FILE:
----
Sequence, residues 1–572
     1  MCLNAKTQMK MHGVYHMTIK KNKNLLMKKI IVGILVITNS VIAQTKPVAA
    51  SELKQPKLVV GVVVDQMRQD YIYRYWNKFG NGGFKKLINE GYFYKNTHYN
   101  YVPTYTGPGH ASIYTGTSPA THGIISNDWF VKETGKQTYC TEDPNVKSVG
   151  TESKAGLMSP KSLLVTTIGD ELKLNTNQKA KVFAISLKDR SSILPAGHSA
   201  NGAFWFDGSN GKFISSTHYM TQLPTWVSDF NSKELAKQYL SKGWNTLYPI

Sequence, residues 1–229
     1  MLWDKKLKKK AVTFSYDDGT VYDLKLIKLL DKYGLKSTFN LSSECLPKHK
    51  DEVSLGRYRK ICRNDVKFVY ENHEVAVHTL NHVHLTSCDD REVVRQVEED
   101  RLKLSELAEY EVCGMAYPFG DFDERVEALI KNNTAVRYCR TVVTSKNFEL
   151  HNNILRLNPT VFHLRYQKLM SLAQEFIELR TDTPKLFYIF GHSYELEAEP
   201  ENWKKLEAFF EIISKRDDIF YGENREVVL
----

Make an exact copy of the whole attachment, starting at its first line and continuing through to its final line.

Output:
Sequence, residues 1–572
     1  MCLNAKTQMK MHGVYHMTIK KNKNLLMKKI IVGILVITNS VIAQTKPVAA
    51  SELKQPKLVV GVVVDQMRQD YIYRYWNKFG NGGFKKLINE GYFYKNTHYN
   101  YVPTYTGPGH ASIYTGTSPA THGIISNDWF VKETGKQTYC TEDPNVKSVG
   151  TESKAGLMSP KSLLVTTIGD ELKLNTNQKA KVFAISLKDR SSILPAGHSA
   201  NGAFWFDGSN GKFISSTHYM TQLPTWVSDF NSKELAKQYL SKGWNTLYPI

Sequence, residues 1–229
     1  MLWDKKLKKK AVTFSYDDGT VYDLKLIKLL DKYGLKSTFN LSSECLPKHK
    51  DEVSLGRYRK ICRNDVKFVY ENHEVAVHTL NHVHLTSCDD REVVRQVEED
   101  RLKLSELAEY EVCGMAYPFG DFDERVEALI KNNTAVRYCR TVVTSKNFEL
   151  HNNILRLNPT VFHLRYQKLM SLAQEFIELR TDTPKLFYIF GHSYELEAEP
   201  ENWKKLEAFF EIISKRDDIF YGENREVVL